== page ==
Otocinclus Catfish



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The Otocinclus Catfish is the algae-busting favorite of aquarium hobbyists. Even award-winning planted-aquarium experts like Takashi Amano will employ this tireless algae eater. The diminutive Otocinclus Catfish does a great job keeping aquarium glass and plants free of distracting green. Your aquascape and schooling fish will take center stage when the Otocinclus Catfish turns problem algae into delicious meals using its sucker-type mouth.

The Otocinclus is one of the smallest catfish in the Loricariidae family. Featuring a tan with a black peppered body, the Otocinclus Catfish is an attractive and functional addition to any freshwater aquarium. Originating from fast-moving rivers in South America, the Otocinclus Catfish should be housed in at least a 30-gallon aquarium with high filtration, good water movement, and high aeration. A planted aquarium with rocks and driftwood will provide plenty of hiding spaces to prevent the Otocinclus Catfish from becoming stressed. As a peaceful and very social fish, the Otocinclus Catfish prefers to be kept in small schools.

A planted aquarium with high vegetation and some algae will sustain the Otocinclus. However, if algae are not present, supplement with a vegetable-based flake or wafer food.


{ 7 comments… read them below or add one }

Leeza July 21, 2001 at 12:27 am

This is a cute little fish but it is very difficult to find in the tank. They do on occasion flit by but mostly they stay hidden under a leaf or a log and eat away at algae. The beauty they bring to the tank is an algae-free tank. They do not harm even live plants and about the only thing negative I can say about them is that if they are not fed properly they will sucker to slow moving fish thereby causing wounds and disease. I personally have not seen this behavior in my tank but I have several friends that warned me before I got my otos. I figured danios and tiger barbs probably wouldn’t stand still long enough to allow for that behavior and from all indications I was right. Still I make sure and feed them and do not expect them to exist on algae alone.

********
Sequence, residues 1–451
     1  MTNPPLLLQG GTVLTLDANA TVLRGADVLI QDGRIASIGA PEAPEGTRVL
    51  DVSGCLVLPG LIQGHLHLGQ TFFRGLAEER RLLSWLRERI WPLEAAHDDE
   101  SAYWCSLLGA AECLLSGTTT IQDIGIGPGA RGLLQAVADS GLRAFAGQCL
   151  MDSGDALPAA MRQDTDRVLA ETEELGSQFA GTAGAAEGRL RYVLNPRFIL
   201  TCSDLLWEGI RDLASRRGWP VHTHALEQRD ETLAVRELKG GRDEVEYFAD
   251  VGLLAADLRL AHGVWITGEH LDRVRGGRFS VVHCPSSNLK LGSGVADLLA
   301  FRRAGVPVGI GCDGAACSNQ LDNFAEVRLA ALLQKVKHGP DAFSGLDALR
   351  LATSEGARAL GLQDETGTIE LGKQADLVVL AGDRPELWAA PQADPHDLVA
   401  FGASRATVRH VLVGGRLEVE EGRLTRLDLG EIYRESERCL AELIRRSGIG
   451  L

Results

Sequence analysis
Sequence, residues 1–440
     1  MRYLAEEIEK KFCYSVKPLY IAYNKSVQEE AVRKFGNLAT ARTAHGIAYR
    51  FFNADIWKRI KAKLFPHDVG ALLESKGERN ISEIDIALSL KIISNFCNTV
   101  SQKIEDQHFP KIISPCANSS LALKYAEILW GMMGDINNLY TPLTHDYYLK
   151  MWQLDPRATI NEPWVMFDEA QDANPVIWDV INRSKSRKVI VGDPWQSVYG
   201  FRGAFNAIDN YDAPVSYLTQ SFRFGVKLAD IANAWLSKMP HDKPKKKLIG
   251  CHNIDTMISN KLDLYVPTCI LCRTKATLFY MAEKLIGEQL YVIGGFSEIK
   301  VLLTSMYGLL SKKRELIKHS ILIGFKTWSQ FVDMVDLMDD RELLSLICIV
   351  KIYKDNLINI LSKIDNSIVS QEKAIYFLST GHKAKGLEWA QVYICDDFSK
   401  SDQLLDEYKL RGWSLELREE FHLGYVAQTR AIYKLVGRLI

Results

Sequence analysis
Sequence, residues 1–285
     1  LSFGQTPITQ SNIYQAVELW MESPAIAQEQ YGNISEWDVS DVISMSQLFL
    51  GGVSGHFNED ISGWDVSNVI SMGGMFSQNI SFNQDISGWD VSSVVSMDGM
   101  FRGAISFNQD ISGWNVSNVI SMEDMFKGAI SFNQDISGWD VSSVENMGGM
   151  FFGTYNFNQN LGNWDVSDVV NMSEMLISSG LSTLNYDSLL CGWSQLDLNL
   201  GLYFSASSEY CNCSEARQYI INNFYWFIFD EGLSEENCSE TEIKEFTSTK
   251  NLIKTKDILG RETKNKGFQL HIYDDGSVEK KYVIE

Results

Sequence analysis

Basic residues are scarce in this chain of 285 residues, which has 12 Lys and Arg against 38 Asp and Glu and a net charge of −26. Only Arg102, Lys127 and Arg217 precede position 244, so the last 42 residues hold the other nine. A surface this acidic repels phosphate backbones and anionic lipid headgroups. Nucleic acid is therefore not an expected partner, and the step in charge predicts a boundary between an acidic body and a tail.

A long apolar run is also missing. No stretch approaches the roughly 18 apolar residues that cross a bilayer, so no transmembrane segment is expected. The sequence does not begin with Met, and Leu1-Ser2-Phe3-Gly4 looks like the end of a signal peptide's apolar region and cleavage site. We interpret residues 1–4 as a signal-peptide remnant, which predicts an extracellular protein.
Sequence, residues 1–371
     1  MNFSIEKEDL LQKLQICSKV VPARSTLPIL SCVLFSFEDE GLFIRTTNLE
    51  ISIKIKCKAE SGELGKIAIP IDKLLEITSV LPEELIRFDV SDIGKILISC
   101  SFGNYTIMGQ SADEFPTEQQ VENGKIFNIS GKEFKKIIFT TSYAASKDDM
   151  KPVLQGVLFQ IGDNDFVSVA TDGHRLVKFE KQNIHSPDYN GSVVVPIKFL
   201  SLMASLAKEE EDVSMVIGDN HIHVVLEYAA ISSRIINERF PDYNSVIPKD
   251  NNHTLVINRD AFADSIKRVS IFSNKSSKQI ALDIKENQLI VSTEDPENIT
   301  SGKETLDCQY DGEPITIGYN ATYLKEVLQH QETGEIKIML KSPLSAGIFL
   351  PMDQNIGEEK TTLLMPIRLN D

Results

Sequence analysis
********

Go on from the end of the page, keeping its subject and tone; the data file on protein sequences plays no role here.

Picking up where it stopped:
MaleRubyBarb February 22, 2002 at 12:27 am

I love these guys. I have 3 ottos in a 30 gallon amazon tank. I recommend more than this. They do a good job, but 3 doesn’t cut it for my tank. They clean it ok, but I think 6 for 30 gallons would be better.

I have 2 ottos in a 55g tank, so they can take care of the algae that may get to my plants. They do a great job here as well. They don’t bother any fish.
They also get to the places my plecoes dont, like my filter ins and outs. Suction cups for my heater.The smaller rocks the plecoes usually swim past.

I keep ottos succesfully in the following conditions.
temp 78
hard water
ph 7.2

also at
temp 73
medium soft water with peat filtration
ph 6.5

seabud March 28, 2002 at 12:26 am

Otos are great little fish. They eat my algae and are cute to watch as they move around looking for food. I had a heater and a bunch of rocks full of brown algae. The 2 Otos I bought had them clean in 3 days. I now add algae pellets twice a week to make sure they have food.